SaaS Startups: How to Build Strong Customer Onboarding Experience
Founder @ Logidots, Simplifying software development
“You’re searching for a web app to do something. You found a search result that looks promising and decided to try it. After creating an account and reaching the dashboard, You click on different menus and look for that one thing you have in your mind.
But No! You feel like you’ve landed in a strange place where you couldn’t identify anything. Slowly, your curiosity starts to fade, and you make the decision to abandon this product! You went back to Google, and start looking for another product”
You might have experienced this several times. This is what makes SaaS customer onboarding a really important factor that influences the success of your SaaS product.
Trust me, your new users feel exactly the same if you don’t onboard them properly!
Around 60% of new users who signup on a SaaS product will abandon it within a few minutes if they couldn’t find what they were looking for. This is a sad story, and this might be the reason why your product has a lot of signups but very few active users.
In this article, I will share some tips on improving the SaaS customer onboarding experience of your product. (I learned this from my own experiments to improve the onboarding experience of our product – Engagespot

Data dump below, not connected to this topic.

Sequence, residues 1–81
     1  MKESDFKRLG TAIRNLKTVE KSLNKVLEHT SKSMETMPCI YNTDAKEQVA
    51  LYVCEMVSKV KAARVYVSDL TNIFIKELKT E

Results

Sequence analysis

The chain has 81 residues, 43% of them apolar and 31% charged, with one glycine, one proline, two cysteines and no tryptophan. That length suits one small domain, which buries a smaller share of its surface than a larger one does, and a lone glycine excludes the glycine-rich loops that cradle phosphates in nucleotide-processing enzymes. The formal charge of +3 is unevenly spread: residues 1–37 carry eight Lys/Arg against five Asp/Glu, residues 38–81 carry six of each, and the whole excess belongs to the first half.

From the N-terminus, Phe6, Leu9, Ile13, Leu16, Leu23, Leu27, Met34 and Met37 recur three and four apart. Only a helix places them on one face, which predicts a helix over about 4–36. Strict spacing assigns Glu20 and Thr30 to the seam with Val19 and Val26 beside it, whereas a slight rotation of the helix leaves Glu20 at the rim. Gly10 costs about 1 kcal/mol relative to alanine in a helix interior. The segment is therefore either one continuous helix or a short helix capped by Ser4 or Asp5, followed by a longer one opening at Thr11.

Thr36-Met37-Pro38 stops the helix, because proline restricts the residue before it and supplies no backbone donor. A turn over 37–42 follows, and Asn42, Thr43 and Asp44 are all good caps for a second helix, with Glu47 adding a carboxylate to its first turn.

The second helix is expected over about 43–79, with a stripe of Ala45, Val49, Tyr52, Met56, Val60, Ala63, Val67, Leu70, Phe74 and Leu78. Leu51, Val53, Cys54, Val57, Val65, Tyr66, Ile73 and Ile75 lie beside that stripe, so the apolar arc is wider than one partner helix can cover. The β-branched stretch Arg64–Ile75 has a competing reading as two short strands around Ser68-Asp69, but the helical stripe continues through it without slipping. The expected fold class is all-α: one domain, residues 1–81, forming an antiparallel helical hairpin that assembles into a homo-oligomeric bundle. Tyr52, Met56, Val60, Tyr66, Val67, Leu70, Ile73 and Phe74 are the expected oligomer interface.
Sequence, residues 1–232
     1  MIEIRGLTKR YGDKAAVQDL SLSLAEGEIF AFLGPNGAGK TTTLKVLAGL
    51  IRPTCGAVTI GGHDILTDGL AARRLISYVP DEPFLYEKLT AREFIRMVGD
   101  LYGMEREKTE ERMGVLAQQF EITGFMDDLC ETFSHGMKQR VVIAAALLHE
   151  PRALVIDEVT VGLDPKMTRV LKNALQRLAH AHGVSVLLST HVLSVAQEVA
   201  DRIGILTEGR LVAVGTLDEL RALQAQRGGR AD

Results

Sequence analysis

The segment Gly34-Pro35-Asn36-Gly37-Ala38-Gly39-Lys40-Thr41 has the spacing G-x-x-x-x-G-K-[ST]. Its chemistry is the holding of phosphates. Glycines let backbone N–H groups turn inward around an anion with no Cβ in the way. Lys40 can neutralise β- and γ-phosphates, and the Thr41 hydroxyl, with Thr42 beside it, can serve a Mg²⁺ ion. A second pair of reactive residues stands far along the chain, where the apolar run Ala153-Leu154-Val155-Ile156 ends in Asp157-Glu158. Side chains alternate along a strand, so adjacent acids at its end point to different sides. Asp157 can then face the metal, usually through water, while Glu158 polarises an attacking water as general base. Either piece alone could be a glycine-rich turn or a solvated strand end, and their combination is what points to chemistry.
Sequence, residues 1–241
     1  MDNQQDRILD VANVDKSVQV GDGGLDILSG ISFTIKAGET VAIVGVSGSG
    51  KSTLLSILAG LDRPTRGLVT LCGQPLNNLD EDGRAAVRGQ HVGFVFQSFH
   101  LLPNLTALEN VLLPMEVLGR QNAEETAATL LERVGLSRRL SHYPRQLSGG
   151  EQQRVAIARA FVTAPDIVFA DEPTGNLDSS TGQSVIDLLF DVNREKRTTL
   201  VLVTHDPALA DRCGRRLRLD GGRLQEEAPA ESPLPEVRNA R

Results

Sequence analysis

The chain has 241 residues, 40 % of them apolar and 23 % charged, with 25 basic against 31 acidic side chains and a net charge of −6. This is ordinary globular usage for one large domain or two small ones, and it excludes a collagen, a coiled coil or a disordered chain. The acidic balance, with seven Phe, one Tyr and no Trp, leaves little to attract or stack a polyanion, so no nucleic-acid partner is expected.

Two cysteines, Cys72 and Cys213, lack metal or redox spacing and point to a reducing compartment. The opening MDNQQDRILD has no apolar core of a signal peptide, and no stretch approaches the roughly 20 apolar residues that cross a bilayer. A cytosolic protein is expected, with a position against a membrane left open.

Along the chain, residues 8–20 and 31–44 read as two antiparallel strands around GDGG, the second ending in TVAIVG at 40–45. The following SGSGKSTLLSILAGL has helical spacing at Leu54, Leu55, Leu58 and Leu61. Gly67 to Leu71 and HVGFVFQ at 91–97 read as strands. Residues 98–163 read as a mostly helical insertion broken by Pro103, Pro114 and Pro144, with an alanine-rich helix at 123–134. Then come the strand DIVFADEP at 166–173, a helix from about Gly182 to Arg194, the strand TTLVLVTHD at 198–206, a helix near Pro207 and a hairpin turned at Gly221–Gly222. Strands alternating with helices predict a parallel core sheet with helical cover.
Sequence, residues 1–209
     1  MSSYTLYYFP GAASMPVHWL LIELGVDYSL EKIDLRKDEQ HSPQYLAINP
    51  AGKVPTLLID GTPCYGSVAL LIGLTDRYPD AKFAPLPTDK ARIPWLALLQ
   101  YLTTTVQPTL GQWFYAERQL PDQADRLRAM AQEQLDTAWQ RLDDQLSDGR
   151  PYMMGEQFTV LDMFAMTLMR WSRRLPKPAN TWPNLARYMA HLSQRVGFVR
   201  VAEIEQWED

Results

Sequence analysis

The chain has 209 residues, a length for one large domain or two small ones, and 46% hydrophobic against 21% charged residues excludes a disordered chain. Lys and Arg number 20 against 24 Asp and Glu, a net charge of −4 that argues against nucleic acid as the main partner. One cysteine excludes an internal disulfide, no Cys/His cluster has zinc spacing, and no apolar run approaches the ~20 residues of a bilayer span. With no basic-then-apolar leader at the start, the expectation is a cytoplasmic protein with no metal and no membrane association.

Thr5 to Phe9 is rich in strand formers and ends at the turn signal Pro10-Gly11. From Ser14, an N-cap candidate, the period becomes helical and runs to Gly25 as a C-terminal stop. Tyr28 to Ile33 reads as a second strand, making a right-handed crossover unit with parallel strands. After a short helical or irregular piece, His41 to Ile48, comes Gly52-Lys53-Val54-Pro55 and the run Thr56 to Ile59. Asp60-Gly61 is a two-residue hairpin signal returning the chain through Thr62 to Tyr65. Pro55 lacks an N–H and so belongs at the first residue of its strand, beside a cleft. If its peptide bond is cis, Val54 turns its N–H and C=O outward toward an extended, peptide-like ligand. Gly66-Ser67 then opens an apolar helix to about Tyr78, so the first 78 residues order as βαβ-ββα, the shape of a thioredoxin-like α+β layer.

Reduce the number of SaaS onboarding steps. But don’t allow them to skip if it’s important!
This is what happened in the early days when we designed a Saas onboarding experience for Engagespot, and I regret that.
Soon after the signup process, we wanted the customer to go through a few more setup configurations. And those steps were important for the proper functioning of our SDK on their website.
However, we didn’t force the user to complete the steps. We thought that they will complete all the steps in the onboarding process. But I was wrong! When we observed the usage pattern, we found that most of the users (around 90%) directly clicked on another menu and navigated away from the onboarding step.
So, they started using the product without completing the setup. Guess what happened? They couldn’t make it work. And we found that the customer closed the tab within a few minutes as they couldn’t figure out what to do next!
So, make sure to –
- Reduce the number of onboarding steps. Make it 1 or 2, and keep it very simple. You should only ask for configurations that are necessary. Set all other configs to a default value, which they can change later.
- But if a step is really important for the proper functioning of your product, you shouldn’t allow the user to skip that step. Even if they try to skip, you should force them to complete this step.
Your users will get bored quickly if you ask to configure everything right away. They first need to see if they can achieve that one thing they are looking for!
Show them how to achieve that one thing they have in their mind, quickly
I’ve been talking about “that one thing they have in their mind” a lot in this article. I hope you’ve got it already. A user, when they find your product through a Google search, or an ad, they have an expectation.
They have a problem that is really painful and they have a huge expectation that your product will solve it for them. They are curious to try it.
So, what you need to do is, right after the signup / and initial setup steps, show them how to do that “one thing” straight away! no drama!